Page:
The Principal will, on a request for the purpose, make a copy of the policies and procedures available for inspection and copying by a member of the hostel’s staff, a boarder, or a parent of a boarder.

Policy 1: Special Character

1.1. Special Character

Rationale: The Board of Governors is committed to demonstrating the Special Character of a Seventh-day Adventist School as defined in the Integration Agreement as follows:

  • The Special Character of the School is determined by the faith system made up of the Christian beliefs, values and lifestyle of the Seventh-day Adventist Church as determined from time to time by the General Conference of the Seventh-day Adventist Church through the New Zealand Seventh-day Adventist Schools’ Association Limited.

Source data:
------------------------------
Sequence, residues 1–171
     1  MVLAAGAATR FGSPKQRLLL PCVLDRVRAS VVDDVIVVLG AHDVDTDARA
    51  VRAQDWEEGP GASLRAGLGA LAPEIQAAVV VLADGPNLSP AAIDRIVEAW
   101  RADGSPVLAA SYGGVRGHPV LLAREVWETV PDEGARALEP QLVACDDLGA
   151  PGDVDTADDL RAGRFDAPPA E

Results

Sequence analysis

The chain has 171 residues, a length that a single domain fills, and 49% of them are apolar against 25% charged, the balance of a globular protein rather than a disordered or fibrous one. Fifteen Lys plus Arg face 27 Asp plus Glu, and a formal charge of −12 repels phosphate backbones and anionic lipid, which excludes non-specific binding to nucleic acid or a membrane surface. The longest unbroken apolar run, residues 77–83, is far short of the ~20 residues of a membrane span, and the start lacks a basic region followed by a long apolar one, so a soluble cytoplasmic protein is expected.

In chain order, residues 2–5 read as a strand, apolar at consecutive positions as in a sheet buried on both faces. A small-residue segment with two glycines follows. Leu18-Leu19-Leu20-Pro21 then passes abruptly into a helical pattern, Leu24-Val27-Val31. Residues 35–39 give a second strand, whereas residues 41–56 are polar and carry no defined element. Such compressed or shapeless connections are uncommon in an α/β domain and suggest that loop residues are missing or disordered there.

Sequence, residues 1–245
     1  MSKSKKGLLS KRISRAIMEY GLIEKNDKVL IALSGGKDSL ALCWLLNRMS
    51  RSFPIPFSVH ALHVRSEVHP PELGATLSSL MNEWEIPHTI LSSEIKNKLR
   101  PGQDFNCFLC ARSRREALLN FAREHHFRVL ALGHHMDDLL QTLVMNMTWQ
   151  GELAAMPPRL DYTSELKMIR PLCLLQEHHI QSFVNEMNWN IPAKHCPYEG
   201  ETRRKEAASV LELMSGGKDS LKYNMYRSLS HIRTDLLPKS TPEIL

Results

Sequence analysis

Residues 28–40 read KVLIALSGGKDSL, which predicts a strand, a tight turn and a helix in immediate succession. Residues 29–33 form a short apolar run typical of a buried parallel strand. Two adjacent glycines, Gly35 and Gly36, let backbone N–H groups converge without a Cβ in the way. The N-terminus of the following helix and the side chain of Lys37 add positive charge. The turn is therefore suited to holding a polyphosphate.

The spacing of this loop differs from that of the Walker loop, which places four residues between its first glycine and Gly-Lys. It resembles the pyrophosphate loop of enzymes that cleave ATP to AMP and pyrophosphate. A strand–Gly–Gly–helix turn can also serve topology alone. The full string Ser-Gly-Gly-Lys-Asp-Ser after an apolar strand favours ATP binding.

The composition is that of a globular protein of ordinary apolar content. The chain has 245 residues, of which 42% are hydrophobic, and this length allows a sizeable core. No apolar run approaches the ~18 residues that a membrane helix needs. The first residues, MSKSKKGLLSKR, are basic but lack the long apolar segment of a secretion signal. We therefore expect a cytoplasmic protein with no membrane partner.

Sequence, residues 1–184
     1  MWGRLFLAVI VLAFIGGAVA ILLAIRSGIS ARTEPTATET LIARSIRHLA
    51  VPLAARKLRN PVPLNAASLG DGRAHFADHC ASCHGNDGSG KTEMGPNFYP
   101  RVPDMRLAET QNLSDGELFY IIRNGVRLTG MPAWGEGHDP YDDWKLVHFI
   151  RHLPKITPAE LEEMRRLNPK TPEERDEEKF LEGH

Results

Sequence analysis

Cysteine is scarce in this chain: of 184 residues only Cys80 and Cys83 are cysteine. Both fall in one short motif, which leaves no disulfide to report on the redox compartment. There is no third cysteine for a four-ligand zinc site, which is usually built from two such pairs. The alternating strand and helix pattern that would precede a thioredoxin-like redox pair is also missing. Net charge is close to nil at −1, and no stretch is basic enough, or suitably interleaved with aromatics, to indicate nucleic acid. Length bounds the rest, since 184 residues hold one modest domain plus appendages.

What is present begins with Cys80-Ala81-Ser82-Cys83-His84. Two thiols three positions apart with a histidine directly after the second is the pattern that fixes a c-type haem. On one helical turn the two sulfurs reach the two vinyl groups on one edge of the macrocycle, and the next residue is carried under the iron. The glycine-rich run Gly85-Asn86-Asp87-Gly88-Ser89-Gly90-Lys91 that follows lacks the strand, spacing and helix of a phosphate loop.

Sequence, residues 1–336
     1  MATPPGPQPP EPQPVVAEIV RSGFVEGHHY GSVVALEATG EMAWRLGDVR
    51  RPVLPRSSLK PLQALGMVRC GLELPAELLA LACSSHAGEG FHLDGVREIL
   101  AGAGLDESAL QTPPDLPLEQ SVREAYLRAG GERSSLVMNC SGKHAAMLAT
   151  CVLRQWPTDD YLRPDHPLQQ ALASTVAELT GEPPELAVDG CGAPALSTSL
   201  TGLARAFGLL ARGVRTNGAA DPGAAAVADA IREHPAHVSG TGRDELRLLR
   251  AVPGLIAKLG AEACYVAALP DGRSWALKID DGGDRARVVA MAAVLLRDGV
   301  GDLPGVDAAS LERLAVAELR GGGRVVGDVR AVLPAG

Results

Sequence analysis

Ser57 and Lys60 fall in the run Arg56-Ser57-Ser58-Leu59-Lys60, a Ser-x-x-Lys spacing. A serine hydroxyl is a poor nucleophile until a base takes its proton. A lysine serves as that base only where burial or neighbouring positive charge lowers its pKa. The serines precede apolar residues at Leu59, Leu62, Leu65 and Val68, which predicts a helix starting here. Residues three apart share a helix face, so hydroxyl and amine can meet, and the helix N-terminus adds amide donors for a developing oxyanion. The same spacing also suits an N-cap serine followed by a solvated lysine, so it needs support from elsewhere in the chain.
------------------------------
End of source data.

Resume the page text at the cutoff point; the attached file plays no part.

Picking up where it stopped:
Guidelines:

    1. The purpose of LAC House is to support the home and Seventh-day Adventist Churches in Palmerston North in Sabbath observance, attendance and fellowship.
    2. The function of LAC House is to facilitate the development of a mature and understanding commitment to the beliefs and practices of the Church so that boarders will become responsible and caring Christians in the community.
    3. The achievement of these goals is through participation in daily dormitory worships based on the ASPIRE values programme and to comprehend a:
      1. Perception of God as Creator and Sustainer of the Universe;
      2. Acceptance of Jesus Christ as our only means of salvation;
      3. The belief that the Holy Spirit draws men, women and children to a knowledge of God;
      4. Understanding that all truth finds its centre and unity in God;
      5. Reliance on Scripture as the revealed Word of God;
      6. Commitment to the holistic development of the child - physical, intellectual, spiritual, emotional and social

Conclusion: